Contributed by: Melissa Parkins, CFP®
Some 9 million Americans are victims to identity theft every year. Anyone who has ever had their identity compromised knows how frustrating it can be to fix – trust me, I know from the experience. Last year, I wrote about how to check your credit report and what to do if you see something unusual. As you may know, you are entitled to pull your full credit report from each of the 3 credit bureaus once per year at no charge; but what about the remaining 364 days a year (or 365, in 2016’s case)? Chances are you won’t realize that your identity has been compromised until you check your credit report once a year OR you go to apply for a new line of credit and are denied because your score has plummeted. What’s worse is that when you do not catch it right away, it becomes more and more difficult to fix.
So what else can you do to protect yourself?
You can actually block access to your credit report information with a “credit security freeze.” To do this, you contact the three major credit bureaus and instruct them to prohibit new creditors from viewing your credit report and score. Companies with whom you currently have existing accounts with will still be able to access your credit information. You can set up a freeze on your credit information even if you haven’t experienced any fraudulent activity before. A credit security freeze can increase the likelihood of catching identity thieves before they can open new accounts in your name.
How do you do this, and what are the fees?
To freeze your credit reports, you must contact each of the three credit bureaus individually. This can be done online here: Equifax, Experian and TransUnion. Fees and filing requirements vary according to state law.
- In Michigan, The fee to freeze your credit report is $10 for each credit agency you decide to do this with – so $30 total if you freeze your credit with each bureau.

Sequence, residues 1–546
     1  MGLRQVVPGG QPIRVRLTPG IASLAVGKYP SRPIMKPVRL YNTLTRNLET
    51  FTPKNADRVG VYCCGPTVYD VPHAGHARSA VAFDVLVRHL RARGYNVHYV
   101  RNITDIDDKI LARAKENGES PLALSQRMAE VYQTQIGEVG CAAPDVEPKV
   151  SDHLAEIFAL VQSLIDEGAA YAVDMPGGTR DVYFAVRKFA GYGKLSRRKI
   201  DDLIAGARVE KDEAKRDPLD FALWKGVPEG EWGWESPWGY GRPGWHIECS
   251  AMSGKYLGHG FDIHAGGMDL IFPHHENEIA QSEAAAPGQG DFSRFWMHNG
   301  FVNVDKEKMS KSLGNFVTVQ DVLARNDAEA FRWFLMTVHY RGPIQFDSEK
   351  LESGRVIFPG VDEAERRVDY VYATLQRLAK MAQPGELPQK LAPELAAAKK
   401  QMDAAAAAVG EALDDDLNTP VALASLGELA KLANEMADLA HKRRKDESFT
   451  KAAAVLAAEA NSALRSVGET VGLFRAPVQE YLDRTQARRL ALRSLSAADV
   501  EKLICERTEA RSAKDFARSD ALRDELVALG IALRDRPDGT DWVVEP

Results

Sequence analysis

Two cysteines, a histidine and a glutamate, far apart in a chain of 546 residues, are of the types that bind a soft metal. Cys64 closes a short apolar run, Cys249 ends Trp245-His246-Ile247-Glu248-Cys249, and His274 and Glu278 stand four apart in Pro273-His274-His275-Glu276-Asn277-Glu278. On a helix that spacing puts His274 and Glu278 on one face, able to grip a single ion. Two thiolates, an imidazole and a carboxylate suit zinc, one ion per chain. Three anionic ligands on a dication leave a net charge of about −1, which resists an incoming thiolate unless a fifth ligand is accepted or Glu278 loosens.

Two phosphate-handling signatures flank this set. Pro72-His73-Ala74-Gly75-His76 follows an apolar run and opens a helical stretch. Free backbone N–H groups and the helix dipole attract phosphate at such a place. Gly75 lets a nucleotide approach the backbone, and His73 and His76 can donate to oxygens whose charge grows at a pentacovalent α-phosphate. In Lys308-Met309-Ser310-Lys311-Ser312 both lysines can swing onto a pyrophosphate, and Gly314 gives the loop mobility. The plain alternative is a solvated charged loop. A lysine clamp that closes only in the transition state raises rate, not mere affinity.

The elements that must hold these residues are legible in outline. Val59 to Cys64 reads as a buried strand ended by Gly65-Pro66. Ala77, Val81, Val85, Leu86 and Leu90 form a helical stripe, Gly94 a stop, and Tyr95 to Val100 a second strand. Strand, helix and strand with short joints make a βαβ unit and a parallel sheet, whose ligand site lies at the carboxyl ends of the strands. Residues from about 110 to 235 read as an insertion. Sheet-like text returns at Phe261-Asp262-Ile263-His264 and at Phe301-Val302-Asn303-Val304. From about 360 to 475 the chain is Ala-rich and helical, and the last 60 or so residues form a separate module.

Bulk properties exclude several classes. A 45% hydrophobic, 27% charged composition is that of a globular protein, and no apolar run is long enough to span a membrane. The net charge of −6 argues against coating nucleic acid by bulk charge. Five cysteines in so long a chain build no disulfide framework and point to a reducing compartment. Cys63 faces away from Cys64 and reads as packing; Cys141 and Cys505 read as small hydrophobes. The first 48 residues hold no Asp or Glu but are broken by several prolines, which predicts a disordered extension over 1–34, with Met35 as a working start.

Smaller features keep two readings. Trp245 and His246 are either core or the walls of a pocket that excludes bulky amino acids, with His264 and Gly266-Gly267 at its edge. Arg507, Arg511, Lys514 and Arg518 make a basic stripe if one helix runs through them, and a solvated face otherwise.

- Once you have frozen your credit report, it can be lifted at any time. In Michigan, it is another fee of $10 to permanently remove the credit freeze.
- You can also have the freeze temporarily lifted for a specific period of time or for a specific party (specific party lift is not available in Michigan, but it is in some states). For instance, if you were to start a new job or open up a new line of credit and that company needed access to your credit report, you would need to temporarily lift your freeze. Again, in Michigan it would be a $10 fee for a specific date range lift.
- If you are a past victim of identity theft, the fees are waived (must provide a copy of a valid complaint filed with law enforcement or a police report), so you can freeze your credit and utilize the temporary lifting at any time for no cost.
Who should freeze their credit reports?
As you can see, all of the fees can really add up. So if you are planning any action that requires a credit check, you may want to delay setting up a freeze. Some actions that would require a credit check are things like:
- Starting a new job
- Buying or refinancing a home
- Taking out a loan
- Opening a credit card
- Opening an account with anew utility company or cellphone provider
Placing a security freeze on your credit report does not affect your credit score, nor does it keep you from obtaining your credit report from each of the agencies at any time. Although a freeze can help block identity thieves from opening new accounts with your information, it does not prevent them from making charges on existing accounts. So you should still continue to monitor statements for existing accounts for fraudulent transactions. As you can see, freezing your credit report can be a useful tool for protecting your identity, but it may not be right for everyone. Before setting up a freeze on your credit report, you will want to make sure the timing is right for your unique situation. Let us know if we can be of help.
Melissa Parkins, CFP® is an Associate Financial Planner at Center for Financial Planning, Inc.
This material is being provided for information purposes only and is not a complete description, nor is it a recommendation. Any opinions are those of Melissa Parkins and not necessarily those of Raymond James. The information has been obtained from sources considered to be reliable, but Raymond James does not guarantee that the foregoing material is accurate or complete.
Raymond James is not affiliated with Equifax, Experian, or TransUnion.
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